Vegan food is no longer just for vegans, with the number of plant-based products proliferating on supermarket shelves and the pandemic prompting more shoppers to seek out alternatives to traditional meat and dairy items.
Supermarkets are seeing the rise of flexitarians who are eating vegan food but not adopting the entire vegan lifestyle, leading to a 50 per cent rise in the demand for plant-based products in recent years at Woolworths alone.
Data collected by Vegan Australia shows the number of vegan products listed on Woolworths’ website has grown from 550 in 2019 to about 1800 this year.
Research conducted by the supermarket giant last year found 62 per cent of Woolworths customers purchased meat- or dairy-free products at least sometimes, with the majority of plant-based proteins (88 per cent) purchased by shoppers who also bought meat rather than dedicated vegetarians and vegans.
“With the rise of ‘flexitarian’ customers looking to add variety to their diets, many customers are buying both meat and vegan alternatives, like plant-based mince and burgers,” a Woolworths spokeswoman said.
She said the range of plant-based products included meat and milk alternatives, cheese, yoghurt, tofu, falafels, snacks and dips.
However, she said: “While plant-based alternatives are rising in popularity, red meat continues to be a household staple for the majority of our customers, with sales outsizing plant-based protein by a factor of 60 to one.”
A Coles spokeswoman said they had also expanded its vegan and vegetarian range to cater for the growing number of meat-free customers.
We’ve seen a rise in the “flexitarian” and people seeking out alternative protein sources,” she said.
She said more than 1100 Coles Own Brand products, such as desserts and chilled health food, were suitable for vegans.
“We also stock hundreds of additional plant-based and meat-free products from popular brands like Beyond Burger, Wildly Good and Vegie Delights,” she said.
There has been “triple-digit growth in the sales of vegan products at IGA supermarkets, “but off a relatively small base”, a spokeswoman for Metcash said. “We have seen significant growth and expansion in the ready meal category and vegan meal solutions is part of that.”
Harris Farm co-chief executive Tristan Harris told KPMG’s Australian Retail Outlook 2022 that meat alternatives would continue to grow in popularity.
KPMG partner Lisa Bora predicted “significant innovation” in plant-based products over the next five years.
“This will be over a time that existing meat proteins become more scarce – at least on a pro-rata basis as the global population continues to grow, with a growing middle class that will demand higher quality proteins in their diet,” she said.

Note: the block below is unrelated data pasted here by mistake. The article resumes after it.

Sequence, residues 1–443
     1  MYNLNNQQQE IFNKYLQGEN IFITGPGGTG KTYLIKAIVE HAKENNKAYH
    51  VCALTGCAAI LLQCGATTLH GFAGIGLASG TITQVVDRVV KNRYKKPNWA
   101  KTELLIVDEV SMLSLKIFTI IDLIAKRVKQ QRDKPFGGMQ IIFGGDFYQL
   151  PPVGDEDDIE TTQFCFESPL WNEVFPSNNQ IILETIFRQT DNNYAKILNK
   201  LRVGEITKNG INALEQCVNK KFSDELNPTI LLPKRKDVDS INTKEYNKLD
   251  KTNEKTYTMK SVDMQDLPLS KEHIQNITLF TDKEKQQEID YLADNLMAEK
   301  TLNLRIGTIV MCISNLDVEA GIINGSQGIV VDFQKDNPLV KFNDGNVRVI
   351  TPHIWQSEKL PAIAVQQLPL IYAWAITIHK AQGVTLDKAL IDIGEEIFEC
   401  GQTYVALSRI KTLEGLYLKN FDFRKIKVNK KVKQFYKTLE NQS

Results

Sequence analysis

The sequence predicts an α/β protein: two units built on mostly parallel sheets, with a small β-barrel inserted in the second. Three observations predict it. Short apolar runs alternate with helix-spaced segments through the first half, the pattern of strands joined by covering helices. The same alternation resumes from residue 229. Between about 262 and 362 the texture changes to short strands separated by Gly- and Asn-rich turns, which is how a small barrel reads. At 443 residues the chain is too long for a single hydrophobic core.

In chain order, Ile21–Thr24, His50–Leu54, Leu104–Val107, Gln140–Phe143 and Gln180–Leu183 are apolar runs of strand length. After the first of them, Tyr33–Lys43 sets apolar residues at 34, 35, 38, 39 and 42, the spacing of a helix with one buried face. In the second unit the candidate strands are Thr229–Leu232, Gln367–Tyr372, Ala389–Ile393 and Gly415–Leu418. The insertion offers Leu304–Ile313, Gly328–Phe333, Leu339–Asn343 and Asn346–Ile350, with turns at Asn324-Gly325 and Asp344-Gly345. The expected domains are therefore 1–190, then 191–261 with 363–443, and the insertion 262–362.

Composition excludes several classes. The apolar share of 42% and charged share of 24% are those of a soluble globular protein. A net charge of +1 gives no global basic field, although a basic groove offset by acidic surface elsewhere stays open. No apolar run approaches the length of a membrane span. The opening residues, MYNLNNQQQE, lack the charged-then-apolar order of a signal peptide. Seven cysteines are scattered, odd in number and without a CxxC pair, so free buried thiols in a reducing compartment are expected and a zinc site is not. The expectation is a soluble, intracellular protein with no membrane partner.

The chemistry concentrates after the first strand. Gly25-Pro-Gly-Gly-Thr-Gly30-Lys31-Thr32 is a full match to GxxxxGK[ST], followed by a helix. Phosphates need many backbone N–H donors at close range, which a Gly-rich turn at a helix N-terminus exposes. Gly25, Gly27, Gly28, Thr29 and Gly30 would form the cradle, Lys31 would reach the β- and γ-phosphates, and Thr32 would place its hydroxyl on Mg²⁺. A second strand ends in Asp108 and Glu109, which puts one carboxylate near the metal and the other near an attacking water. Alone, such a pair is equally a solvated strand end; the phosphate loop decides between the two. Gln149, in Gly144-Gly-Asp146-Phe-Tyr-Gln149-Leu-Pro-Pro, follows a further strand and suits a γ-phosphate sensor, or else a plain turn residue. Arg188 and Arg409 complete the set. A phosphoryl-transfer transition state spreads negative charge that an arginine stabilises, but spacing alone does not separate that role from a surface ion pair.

Bora said the cost of quality meat products was also likely to rise because of environmental challenges such as rebuilding herds following drought periods.
An estimated 2 per cent of Australians are vegan, but a 2019 survey found almost 2.5 million people whose diet is all or almost all vegetarian, while almost 10 million Australians were eating less red meat.
Product review website Fussy Vegan managing director Ken Goldstein said the unavailability of meat during the pandemic might have prompted shoppers to try vegan alternatives.
“Some are worried about the environment, some are concerned about animal welfare and others are just curious,” he said.
Goldstein said there were products specifically targeted at vegans such as vegan meats, dairy products and desserts.
But some food manufacturers were reluctant to label their products as vegan. Other products were called “plant-based” rather than vegan or vegetarian.
“The term ‘plant based’ is used loosely here in Australia and many products labelled ‘plant based’ still contain dairy, egg and other animal-derived ingredients, so are not vegan,” he said.
Trish Haywood said food shopping for her family, who are vegans, had become easier in the past few years, as supermarkets increased the amount and variety of vegan products.
“There are even vegan products in the areas of seafood and deli,” she said. “The quality of vegan products are now equal to non-vegan and the prices are usually comparable.”
Haywood and husband Damien usually do their grocery shopping at Warringah Mall on Sydney’s northern beaches and have no trouble finding vegan options in categories such as the meat, dairy, dessert, frozen, dry goods and pre-prepared meals.
“My husband was not a vegan when we met, and he always told me that he would be happy to eat totally vegan when he could find products that tasted as good as the non-vegan version,” she said.
Haywood attributed the rise in flexitarians – people seeking to eat less meat and more plant-based foods – to increased concern about the environment, animal welfare and healthy eating.
“Speaking to non-vegan friends, family and random people, the overwhelming comments are about eating less meat and animal products,” she said.